“Where’s a good place to eat in town?”
When visitors come to town, whether for social or business purposes, isn’t that one of the first questions asked?
While Abilene has a lot of good places for a meal, the answer always used to include “The Kirby House”.
When Terry and Jerry Tietjens first started to fix up the old apartment building on the corner of N.E.3rd Street and Court, many thought “just what Abilene needs: another place to eat”.
But as it turned out, yeah, it is what Abilene needed.
The Kirby House atmosphere was something totally different.
In the end, its name was associated with famous landmarks in Kansas like the Hays House in Council Grove, The Swedish Crown in Lindsborg, Stroud’s in Kansas City and Arthur Bryant’s also in Kansas City.
I’ve eaten at all of those places, yet the Kirby House was different.
They didn’t run their customers through like cattle, trying to quickly fill another table: rush, rush, rush. It seems like we have turned into “The Everybody Wants it Now Generation”.
If you booked a reservation at the Kirby House, at least an hour-long meal was anticipated. That was part of the charm; forgetting the hustle and bustle of our busy lives to relax.
It was probably most famous for its steaks and, of course, the Lena’s Chicken Fried Steak. (I think my stomach just growled.)
It was also one of those unique restaurants out-of-town visitors just had to take a tour of before, or after, the meal.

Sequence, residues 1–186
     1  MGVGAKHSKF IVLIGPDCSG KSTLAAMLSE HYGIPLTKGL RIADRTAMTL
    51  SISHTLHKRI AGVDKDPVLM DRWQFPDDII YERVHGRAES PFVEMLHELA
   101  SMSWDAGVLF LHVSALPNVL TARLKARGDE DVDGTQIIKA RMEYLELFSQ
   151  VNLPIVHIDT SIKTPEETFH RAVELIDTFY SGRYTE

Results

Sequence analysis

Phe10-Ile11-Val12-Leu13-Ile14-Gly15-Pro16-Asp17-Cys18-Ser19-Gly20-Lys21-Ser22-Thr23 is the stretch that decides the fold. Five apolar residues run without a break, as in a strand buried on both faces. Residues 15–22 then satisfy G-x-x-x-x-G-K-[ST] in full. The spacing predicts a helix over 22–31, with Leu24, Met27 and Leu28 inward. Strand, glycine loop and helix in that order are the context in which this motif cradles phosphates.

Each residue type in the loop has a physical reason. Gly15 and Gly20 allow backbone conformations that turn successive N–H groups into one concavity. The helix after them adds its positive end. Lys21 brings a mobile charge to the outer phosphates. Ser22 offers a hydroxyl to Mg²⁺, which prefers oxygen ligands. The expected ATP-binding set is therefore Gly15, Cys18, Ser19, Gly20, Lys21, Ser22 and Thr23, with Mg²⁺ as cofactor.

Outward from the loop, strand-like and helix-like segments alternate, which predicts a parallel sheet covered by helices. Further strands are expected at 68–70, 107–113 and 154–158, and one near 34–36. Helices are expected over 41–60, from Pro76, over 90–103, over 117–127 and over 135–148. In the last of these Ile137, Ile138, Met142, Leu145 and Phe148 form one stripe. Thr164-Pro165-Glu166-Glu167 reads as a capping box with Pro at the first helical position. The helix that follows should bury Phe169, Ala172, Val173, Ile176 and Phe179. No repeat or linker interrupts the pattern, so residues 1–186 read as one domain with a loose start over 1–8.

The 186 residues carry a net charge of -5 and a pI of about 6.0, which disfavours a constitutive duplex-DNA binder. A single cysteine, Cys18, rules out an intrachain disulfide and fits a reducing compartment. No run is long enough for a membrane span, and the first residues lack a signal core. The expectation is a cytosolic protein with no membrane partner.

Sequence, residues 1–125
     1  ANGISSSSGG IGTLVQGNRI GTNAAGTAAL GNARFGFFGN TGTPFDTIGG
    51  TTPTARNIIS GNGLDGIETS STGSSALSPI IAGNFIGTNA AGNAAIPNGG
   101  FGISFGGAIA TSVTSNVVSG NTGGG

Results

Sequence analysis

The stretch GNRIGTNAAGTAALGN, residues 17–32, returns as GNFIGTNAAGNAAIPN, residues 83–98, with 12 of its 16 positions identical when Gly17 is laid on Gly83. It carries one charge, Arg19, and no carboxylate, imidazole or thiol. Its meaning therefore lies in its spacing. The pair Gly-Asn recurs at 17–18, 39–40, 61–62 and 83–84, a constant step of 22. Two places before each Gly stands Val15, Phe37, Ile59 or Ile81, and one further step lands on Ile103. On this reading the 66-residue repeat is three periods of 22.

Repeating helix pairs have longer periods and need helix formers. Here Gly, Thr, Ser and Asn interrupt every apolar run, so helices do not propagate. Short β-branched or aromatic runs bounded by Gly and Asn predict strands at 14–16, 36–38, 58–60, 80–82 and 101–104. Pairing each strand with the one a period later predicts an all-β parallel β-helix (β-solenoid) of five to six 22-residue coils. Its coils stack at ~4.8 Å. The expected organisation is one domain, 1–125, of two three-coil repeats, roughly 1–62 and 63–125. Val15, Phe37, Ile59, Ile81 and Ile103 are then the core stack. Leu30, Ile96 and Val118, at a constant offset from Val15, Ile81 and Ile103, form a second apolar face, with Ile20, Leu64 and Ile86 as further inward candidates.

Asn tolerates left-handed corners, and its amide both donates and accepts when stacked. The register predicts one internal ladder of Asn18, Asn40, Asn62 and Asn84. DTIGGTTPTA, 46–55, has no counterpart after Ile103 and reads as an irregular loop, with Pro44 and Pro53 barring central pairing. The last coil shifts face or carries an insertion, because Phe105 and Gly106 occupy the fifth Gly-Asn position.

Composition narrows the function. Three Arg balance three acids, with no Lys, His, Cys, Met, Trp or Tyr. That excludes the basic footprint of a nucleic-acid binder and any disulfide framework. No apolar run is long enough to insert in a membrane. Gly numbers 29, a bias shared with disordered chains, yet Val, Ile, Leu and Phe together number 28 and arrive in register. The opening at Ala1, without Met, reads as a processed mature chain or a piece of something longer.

Nobody gave a better tour than Terry Tietjens, describing the 1885 decor, the unique restrooms and, of course, the seemingly out of place sunken block in the wall at the top of the stairs which, if someone were to pass away upstairs, the undertaker used it to get the casket up and down the stairwell.
Tietjens said it was called a Casket Niche.
“All of the older homes had Casket Niches during that Victorian period,” Tietjens said. “And they all had a little vase sitting there or a little flower.”
Tietjens said it was used once, for the funeral of Thomas Kirby. Back then the funerals were held in the home.
The other thing the Kirby House did for Abilene was to bring in out-of-town customers. It wasn’t “Cheers”. It was more “where nobody knows your name” except for maybe the waitstaff which was loyal. For my family, the Kirby House will always be remembered for special events.
We celebrated birthdays, anniversaries, graduations and other special events at the Kirby House.
One year my wife and I were able to enjoy her birthday dinner served in the cupola. Steps make it tough for the waitstaff to get the food up there but it was a very special evening. Not many couples get to be served in a room alone.
(The waiter serving us, coincidentally a good friend, said he always made sure that his footsteps were loud enough for the couple to know he was coming, so he didn’t interrupt anything.)
The tower was taken down from the original structure but added in 1985 when Terry and Jerry restored it.
It was a popular place for businesses to entertain out-of-town guests. We also had company parties there.
One year while working for the National Greyhound Association, we had a work-related Christmas party scheduled out of town.
However, a snowstorm made the roads difficult to travel and the Kirby House opened its doors for us that night and we proceeded with our celebration of the holiday.
There have also been, on more than one occasion, when the Kirby House helped an inductee celebrate his addition to the Greyhound Hall of Fame. Sometimes those late night Thursday dinners passed beyond the midnight hour, but the staff stayed to attend to the sometimes rowdy customers.
Abilene is fortunate to have other “you just have to try eating at .....” places for dining, but the Kirby House will definitely be missed by many.